The cherry harvest resumed in a Kingsburg orchard for the first time since the skies opened up. 100 workers were sent home for two days so large cherries growing in impressive bunches could dry out.
Kingsburg cherry grower David Vart of Zediker Produce said, "We don't like to see rain, we don't like to hear about it. We don't like to talk about it."
Vart said water can settle near the stem and oversaturate a cherry until it cracks. An Action News viewer posted video on our Facebook page which showed a helicopter being used to blow water off cherry trees near Sanger.
Vart though used a different method to dry his cherries. "We have a few air fan sprayers and we like to go through and have our own method of blowing the trees and trying to dry them out as much as we can without overdoing it."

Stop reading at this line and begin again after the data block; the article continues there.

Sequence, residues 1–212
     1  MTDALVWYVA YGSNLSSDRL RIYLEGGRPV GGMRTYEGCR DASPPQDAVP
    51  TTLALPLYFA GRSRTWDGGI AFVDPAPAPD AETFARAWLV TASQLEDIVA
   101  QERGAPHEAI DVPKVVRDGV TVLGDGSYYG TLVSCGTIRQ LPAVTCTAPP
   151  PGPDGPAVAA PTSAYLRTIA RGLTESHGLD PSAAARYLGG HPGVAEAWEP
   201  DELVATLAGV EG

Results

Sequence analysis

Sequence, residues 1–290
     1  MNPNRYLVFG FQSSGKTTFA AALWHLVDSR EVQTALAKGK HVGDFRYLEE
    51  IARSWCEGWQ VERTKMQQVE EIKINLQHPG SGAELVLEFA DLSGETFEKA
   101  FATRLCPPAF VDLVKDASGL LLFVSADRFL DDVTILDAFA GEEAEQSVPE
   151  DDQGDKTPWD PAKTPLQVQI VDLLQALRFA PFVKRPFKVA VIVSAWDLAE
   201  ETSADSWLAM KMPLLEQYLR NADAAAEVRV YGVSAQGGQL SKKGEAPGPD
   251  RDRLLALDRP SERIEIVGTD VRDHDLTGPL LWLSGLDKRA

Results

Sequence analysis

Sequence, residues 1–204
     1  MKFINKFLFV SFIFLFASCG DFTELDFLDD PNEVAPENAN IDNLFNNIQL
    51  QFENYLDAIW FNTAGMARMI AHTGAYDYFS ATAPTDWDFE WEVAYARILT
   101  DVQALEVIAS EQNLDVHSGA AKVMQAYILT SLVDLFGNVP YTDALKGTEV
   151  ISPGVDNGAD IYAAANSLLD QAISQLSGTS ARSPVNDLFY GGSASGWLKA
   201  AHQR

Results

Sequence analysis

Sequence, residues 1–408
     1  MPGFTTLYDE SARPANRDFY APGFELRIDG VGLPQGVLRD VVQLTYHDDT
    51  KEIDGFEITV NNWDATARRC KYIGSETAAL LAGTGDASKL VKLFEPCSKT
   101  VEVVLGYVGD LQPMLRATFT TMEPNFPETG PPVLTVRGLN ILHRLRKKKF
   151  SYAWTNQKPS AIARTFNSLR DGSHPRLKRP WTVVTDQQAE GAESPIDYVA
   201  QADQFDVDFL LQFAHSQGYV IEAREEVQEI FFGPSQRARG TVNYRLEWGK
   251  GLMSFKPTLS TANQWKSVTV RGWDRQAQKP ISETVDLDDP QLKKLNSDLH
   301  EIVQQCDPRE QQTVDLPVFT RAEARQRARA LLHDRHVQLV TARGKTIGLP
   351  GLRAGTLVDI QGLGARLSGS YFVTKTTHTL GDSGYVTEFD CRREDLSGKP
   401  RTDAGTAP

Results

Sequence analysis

Vart grows fifty acres of cherries including the lighter colored red and yellow Rainier variety. He said this year's crop survived the storm quite nicely.
"We're pretty happy with what we've seen," said Vart. "There's no major cracks. You may have an occasional small stem end suture."
A reflective fabric at the base of the orchard helps raise temperatures and give the cherries a deep red color.
"There's still gonna be a lot of cherries and a good crop."
David Vart's cherries are shipped around the world and are also sold in local Save Mart stores.